The chocolate pudding is replaced with a matcha pudding, significantly lighter and a tad less sweet. The chantilly is the same, only with matcha powder whipped in the frosting – it changes the colour quite a bit (perhaps they’ve added food colouring?), but there’s no notable difference in the flavour, pure chantilly through and through. Justin liked it more than the original coco puff, and I could understand why. But sometimes you just really need chocolate pudding enrobed in choux and topped with more whipped butter and egg yolks. And other times, you want a “lighter” (hahah, who are we kidding) version, hence the matcha coco puff. Me? There’s enough love for all.
And because we had both puffs, we figured why not have a bit more and indulge in the ensemada, a Filipino treat with strong roots in the island. It’s big, it’s pillowy, and as Betty Shimabukuro of the Bulletin proclaimed, “the ensemada has absolutely no nutritional value, unless you consider happiness to be good for the health.” Ahhh, how very true. I believe the same applies for coco puffs, shave ice, chichi dango, manju, and plenty other Hawai’i treats. But we must be filled with the utmost happiness!
Poofy, yes. Much like Ani’s Sweetbread, in both the light and soft texture, and creamy sweet flavour. Think challah gone local, lighter (despite the bagazillion egg yolks) with a touch more sugar. Baked in individual fist sized mounds and brushed with a bounty of whipped butter and sugar.
You see why Hawai’i is so delicious? :)
Andy’s Sandwiches & Smoothies
2904 E Manoa Rd
Honolulu, HI 96822
515 N Kuakini St
Honolulu, HI 96817
The tea market and the industry have made it clear that transparency is the way of the future – but what is transparency? I have been building a culture of transparency in the agriculture supply chain since 2010. At first I was a lone ranger; but now I see almost … Continue reading
Allow me to introduce you to your new favourite show to binge watch on Netflix. Kim’s Convenience is a CBC comedy about a Korean-Canadian family running a convenience store in downtown Toronto. The sitcom is based on Ins Choi’s award-winning play. The moment I began watching the show I instantly regretted not doing so sooner. I actually started watching Kim’s Convenience because of an interaction on this Instagram post that featured Janet, played by the hilarious Andrea Bang, chugging a mug of tea. Andrea Bang was born and raised in Burnaby, B.C and like her character, she grew up around tea. In fact, tea plays a huge role in her acting career today. At the tea table Andrea opened up about her childhood tea moments, her favourite steeps, which character from Kim’s Convenience she would share a cup of tea with and more.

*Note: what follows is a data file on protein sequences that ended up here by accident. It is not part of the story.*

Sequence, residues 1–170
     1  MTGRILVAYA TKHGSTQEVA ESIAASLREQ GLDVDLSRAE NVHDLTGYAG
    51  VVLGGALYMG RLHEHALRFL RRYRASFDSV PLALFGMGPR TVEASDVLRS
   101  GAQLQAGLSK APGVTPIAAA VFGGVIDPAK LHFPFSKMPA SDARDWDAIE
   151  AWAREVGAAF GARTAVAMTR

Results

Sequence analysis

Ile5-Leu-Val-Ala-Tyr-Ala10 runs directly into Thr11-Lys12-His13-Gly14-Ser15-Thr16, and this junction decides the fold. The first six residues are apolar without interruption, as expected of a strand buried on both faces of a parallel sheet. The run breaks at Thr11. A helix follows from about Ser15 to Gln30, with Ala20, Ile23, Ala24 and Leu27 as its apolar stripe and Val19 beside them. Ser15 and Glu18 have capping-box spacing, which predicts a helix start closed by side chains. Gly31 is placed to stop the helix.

THE SECRET SALCE BEHIND FUND SELECTION
Two Types of Major College scholarships
Just before we get in composition, let me define what i’m saying by a ‘major’ scholarship. You can find two major types We are focusing on. The foremost is the kind that promises more than just bucks. These free college funding also include unique mentoring, enrichment experiences, management development, study opportunities, embraced experiences by using a cohort connected with fellow historians, and/or entrance to an is in program. Any some of these activities might be marketed in addition to a whole (or close full) journey to college. Could possibly be anywhere from some to 52 scholarships to go around for each inbound class in various colleges in the United States (the Stamps President’s Scholarship from Georgia Tech falls straight into this category).
The second type scholarship is one of expensive or perhaps most exclusive scholarship within a particular university. It’s not unconventional to find some or 20 of these scholarships or grants sitting there with the students considered ‘the good the best’ in the newly arriving class. Requirements for line is often very scholastically focused, but is not exclusively. Bonuses beyond financing for the cost of attendance usually are hit or miss, typically miss (though sometimes these come with admission to an recognizes program).